Beating Roulette: The Story of Dr. Richard Jarecki

Many times, we hear stories of success when it comes to winning it big at roulette. But for every such story, there is also a story of complete financial ruin. Given these numbers, a fair amount of caution is in order. Yet still, roulette is a game that offers something that no other casino game can. Easy to learn, hard to master, as some might say. Out of sheer awe-inspiring curiosity, people continue to learn its secrets in an attempt to decipher the hidden code that leads to unprecedented winnings.

You are here because you want the same. As the story of Dr. Richard Jarecki reveals, roulette indeed has the power to turn dreams into reality. But can it be done in 2020 and beyond?

Laying the foundation before you begin

Before we delve right into it, it’s crucial to stress the importance of getting your fundamentals from the right sources such as the roulette forum in Japan. The idea is to spend your time on what matters. You could spend days or even weeks studying the odds, planning out the perfect bankroll management strategy, or even falling for some of the popular roulette myths, etc. While there’s nothing wrong with having a desire to absorb as much as possible and learn from your mistakes, it’s important to be selective in terms of what you’ll be spending your time on learning. And as you probably know already, your time is your most valuable (and non-replenishable) currency.

With this out of the way, let’s embark on a journey of Dr. Richard Jarecki, the roulette genius who’s unfortunately no longer with us today. But was his success the fruit of his genius, hard work, or sheer luck? Stay tuned to find out!

It was the year of 1931 in Germany

This is the year that marked the birth of Richard Jarecki who grew up to become the bane of every casino operator he had come across. Even at a young age, he displayed all the right characteristics necessary to learn the tricks of his trade and he was amazingly good at remembering numbers. While the path of education eventually led him to become a doctor, no one could deny his true passion – casinos (especially the game of roulette).

An obsession turned into a goal

The way Jarecki played roulette could in no way be characterized as typical. He was obsessed about it for sure, but his type of obsession could never be compared to the kind of addiction that ultimately leads the sufferer to blow away their last savings. If anything, he was the opposite – learning from his mistakes and making astute observations that paved the way for attaining the unattainable and beating the establishment in the early 60s.

Little things that add up

As you probably know, all variants of roulette come with the dreaded house edge. The American roulette wheels come with a 5.26% house edge while its European counterparts take that down to 2.7%. The reason being is that the latter have 37 slots compared to the former that come with 38. Although Jarecki milked this knowledge for all it was worth, this was only a small fraction of the overall equation of his success.

Thinking out of the box to gain an edge

Spending a gracious amount of time in casinos, Jarecki made a simple observation that later on proved to be significant. He simply couldn’t help but wonder why the casinos often replaced their dice and cards when they got worn out, but left the roulette wheels untouched (sometimes even for years on end). As time kept taking its toll on them, he noticed they would develop small dings and scratches, leading him to believe this could contribute to certain numbers showing up more often than others. In the end, the only way to test the theory was to put it to practice by giving it a spin (no pun intended). And so he did.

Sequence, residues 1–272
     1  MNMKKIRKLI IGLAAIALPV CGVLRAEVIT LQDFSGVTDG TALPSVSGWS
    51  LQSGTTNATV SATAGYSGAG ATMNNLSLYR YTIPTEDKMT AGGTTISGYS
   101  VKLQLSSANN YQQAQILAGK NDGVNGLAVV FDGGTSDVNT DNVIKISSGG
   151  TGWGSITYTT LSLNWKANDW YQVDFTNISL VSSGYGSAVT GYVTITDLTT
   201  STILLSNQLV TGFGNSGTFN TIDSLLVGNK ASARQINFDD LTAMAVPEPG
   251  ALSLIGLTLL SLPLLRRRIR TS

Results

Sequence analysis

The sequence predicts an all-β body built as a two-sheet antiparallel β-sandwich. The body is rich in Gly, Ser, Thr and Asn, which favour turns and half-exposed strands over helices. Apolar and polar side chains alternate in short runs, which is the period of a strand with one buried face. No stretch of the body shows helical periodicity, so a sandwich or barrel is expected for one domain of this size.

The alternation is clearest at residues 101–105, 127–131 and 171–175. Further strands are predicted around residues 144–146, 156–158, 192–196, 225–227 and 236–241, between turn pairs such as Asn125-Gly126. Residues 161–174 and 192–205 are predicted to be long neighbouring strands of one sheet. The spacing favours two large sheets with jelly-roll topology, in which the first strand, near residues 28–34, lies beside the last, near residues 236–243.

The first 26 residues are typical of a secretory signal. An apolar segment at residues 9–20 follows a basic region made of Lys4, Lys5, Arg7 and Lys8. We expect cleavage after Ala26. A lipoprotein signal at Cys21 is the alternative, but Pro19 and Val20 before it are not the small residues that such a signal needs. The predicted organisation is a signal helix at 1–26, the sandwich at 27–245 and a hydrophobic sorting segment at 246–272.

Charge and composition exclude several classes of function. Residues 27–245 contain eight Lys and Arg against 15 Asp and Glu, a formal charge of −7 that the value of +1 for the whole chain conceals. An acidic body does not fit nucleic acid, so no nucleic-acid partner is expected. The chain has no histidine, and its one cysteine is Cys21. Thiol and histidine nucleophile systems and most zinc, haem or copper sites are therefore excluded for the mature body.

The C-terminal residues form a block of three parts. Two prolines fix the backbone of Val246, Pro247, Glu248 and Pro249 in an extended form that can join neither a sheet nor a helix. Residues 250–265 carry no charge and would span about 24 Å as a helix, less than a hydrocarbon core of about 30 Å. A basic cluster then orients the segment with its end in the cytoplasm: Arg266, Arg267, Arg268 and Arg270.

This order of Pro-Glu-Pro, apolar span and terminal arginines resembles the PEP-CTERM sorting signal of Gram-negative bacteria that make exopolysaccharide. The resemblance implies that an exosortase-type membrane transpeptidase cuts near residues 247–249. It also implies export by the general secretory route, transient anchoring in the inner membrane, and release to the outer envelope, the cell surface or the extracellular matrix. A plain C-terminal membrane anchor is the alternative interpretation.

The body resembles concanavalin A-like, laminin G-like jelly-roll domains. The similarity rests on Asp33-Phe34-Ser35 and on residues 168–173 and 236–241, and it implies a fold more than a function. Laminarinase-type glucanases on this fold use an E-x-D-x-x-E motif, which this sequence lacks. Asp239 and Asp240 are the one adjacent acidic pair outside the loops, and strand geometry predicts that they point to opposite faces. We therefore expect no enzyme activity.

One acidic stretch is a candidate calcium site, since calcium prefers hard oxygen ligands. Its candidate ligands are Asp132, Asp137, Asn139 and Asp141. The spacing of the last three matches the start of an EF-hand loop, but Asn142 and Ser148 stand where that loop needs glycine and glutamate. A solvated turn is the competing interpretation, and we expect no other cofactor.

A new spin on an old concept

Interestingly enough, it was not him but Joseph Jagger who pioneered wheel tracking in the 1880s. Utilizing the concept, he was able to win £80,000 off of it, which was a mind-numbing amount of money at the time. Instead of trying to reinvent the wheel, Jarecki took the system and refined it, which resulted in being able to turn $100 (his life savings) into thousands in a matter of hours. Several casinos banned him due to his success, but later on, he would put together a team that ended up taking down casino after casino while traveling Europe.

The big win and his retirement

Over the course of three days spent in San Remo, he managed to win a grand total of $48,000. After returning eight months later, only a weekend was needed to get $192,000 in the bag. Unsurprisingly, the casino wanted nothing more to do with him, but when the ban expired, he came back to win another $100,000 using his tried and proven systems. In the end, the casinos learned their lesson and have been regularly replacing their roulette wheels ever since. As for Jarecki? He decided to live out his remaining days in Manila where he died at a the age of 86.


While repeating Jarecky’s exact story is not so easy today, it serves as an example that cracking the code is indeed possible if you have the motivation and the wits to approach things from a unique angle. So as you keep learning, don’t forget to build upon your knowledge and put a unique twist to your own methodology. Who knows… maybe you could become the next big wizard of odds yourself.

Do biased wheels still exist today? Yes, they certainly do. But you need to understand modern techniques. But even then, there are much better ways of beating modern wheels.

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